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How to Get Control of Your Workload
A mounting workload can turn into a frustrating avalanche before you can even blink. If you're getting buried at your job, the resulting stress and aggravation will make the situation even worse. Stress has a negative effect on work productivity, according to the American Psychological Association, and might cause you to fall even further behind. Getting a handle on your workload may take a little time, but it's well worth the results.
Organization is vital if you want to get your workload under control. When you're disorganized, you waste time looking for the things you need to do your work. Disorganization adds unnecessary stress to your situation as well. The level of organization and tools you need to get your stuff together depends on your job. If you're constantly going to meetings, an electronic organizer makes keeping your schedule straight easier. Invest in desk organizational tools, such as paper sorting trays, if you're pushing a lot of pencils at your desk.
Your workload may include jobs that aren't yours or tasks that shouldn't be your priority. Once you've got yourself organized, you can analyze your current workload and compare it to your actual duties so you know what work is crucial and what can wait. Review your job description, past performance reviews, and your work's current reward system to get an idea of what your priorities are. If you find you don't have the right support and tools for your job, work on getting them, and don't be afraid to speak to your boss if you're unclear about your role.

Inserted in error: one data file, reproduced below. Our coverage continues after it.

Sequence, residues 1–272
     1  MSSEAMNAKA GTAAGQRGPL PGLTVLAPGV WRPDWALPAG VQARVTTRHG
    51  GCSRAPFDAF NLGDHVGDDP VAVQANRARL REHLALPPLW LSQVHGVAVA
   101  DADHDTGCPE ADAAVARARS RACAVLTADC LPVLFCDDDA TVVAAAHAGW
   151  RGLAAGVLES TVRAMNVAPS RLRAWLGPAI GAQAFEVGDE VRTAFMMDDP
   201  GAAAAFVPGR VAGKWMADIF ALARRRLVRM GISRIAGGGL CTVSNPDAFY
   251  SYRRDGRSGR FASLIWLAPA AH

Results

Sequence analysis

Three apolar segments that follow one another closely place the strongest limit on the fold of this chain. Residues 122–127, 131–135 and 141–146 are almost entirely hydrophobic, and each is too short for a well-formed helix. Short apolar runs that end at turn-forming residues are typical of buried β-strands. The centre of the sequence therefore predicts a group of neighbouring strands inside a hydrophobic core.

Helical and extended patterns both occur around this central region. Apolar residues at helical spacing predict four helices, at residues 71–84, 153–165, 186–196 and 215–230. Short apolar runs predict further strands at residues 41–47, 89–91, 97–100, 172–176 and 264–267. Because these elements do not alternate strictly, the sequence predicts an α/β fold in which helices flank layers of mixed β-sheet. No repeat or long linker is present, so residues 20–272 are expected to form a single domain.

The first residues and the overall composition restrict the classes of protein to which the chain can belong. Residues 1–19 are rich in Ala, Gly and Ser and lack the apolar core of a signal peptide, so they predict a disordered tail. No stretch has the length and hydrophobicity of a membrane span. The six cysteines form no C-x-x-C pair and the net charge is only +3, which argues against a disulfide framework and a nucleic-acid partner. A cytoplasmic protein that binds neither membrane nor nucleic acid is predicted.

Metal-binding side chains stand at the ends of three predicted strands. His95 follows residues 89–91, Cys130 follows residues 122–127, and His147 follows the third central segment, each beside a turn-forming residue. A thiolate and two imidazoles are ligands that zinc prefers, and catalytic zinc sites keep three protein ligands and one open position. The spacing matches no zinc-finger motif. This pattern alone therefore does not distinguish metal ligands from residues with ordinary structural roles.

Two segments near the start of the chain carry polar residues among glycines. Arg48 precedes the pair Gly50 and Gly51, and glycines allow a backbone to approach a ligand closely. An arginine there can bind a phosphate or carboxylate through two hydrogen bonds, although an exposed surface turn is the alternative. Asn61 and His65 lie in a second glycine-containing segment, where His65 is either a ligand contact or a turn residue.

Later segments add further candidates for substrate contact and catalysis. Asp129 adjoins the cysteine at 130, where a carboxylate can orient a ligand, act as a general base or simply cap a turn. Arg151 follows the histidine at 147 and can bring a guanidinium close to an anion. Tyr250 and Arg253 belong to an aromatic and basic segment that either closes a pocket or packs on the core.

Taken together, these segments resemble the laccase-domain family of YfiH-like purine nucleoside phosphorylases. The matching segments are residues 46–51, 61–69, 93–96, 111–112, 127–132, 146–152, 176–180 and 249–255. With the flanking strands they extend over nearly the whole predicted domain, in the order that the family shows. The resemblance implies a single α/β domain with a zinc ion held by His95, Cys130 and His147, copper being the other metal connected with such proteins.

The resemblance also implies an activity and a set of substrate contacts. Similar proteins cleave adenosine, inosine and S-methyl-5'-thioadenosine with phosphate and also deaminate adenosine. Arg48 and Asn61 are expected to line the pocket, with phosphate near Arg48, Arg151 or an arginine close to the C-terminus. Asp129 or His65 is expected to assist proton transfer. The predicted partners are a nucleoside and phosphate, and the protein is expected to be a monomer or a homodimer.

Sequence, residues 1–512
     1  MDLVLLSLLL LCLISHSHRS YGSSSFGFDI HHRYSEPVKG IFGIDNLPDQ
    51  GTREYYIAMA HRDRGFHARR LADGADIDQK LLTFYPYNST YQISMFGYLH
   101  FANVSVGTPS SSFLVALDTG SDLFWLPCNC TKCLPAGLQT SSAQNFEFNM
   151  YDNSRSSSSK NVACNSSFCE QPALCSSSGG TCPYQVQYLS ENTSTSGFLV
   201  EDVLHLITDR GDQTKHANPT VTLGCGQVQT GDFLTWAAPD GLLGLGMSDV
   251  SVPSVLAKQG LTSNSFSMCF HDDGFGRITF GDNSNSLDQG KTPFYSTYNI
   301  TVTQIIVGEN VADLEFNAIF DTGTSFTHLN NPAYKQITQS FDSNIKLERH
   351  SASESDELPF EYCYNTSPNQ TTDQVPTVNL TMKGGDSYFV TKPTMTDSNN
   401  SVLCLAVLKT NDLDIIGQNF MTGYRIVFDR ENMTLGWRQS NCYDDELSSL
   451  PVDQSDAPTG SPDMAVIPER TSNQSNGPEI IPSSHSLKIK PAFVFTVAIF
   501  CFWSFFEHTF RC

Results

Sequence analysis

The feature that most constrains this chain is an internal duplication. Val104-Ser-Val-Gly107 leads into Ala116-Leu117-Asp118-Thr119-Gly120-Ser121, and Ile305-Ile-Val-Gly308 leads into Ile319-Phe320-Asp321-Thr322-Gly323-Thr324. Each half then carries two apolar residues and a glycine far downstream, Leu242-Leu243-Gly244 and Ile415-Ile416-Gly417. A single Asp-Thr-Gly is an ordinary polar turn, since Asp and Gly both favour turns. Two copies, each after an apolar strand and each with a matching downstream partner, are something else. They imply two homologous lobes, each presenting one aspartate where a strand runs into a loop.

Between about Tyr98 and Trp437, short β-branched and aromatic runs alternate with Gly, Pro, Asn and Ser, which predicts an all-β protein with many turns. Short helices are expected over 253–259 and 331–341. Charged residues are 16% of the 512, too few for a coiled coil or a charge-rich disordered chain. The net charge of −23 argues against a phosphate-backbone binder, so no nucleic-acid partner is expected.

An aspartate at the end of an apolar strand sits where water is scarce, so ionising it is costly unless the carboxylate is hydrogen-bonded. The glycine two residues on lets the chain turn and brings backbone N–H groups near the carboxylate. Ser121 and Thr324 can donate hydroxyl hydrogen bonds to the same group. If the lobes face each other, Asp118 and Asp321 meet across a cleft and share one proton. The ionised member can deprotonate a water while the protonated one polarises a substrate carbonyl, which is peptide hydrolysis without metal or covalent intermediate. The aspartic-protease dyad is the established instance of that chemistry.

Use time management to maximize the amount of work you can get done in the time you have available each day. Everyone is different, so you'll need to tailor your own plan to use your time more efficiently. Start by figuring out how you're currently using your time. You might create a time log and write down all of your activities during work hours over a period of time, such as a week. When you're done, review the entries to determine how much time you actually control and identify problem areas, such as unnecessary interruptions. Eliminate as many time drains as you can. If you find you've got a serious problem with unnecessary interruptions, such as co-workers constantly coming into your office, create a plan to minimize them. For instance, in the scenario with the co-workers, you can start keeping your door closed and put up a sign indicating you need quiet at certain times of the day.
Don't be shy about delegating if you've got a heavy workload and support staff. If you delegate, you can spread some of your work around and make your deadlines. Delegate work to employees who can handle the task. If you delegate tasks to employees who aren't qualified to do the job, you'll create more unnecessary work and frustration for yourself later, when you're fixing mistakes.
Anna Assad began writing professionally in 1999 and has published several legal articles for various websites. She has an extensive real estate and criminal legal background. She also tutored in English for nearly eight years, attended Buffalo State College for paralegal studies and accounting, and minored in English literature, receiving a Bachelor of Arts.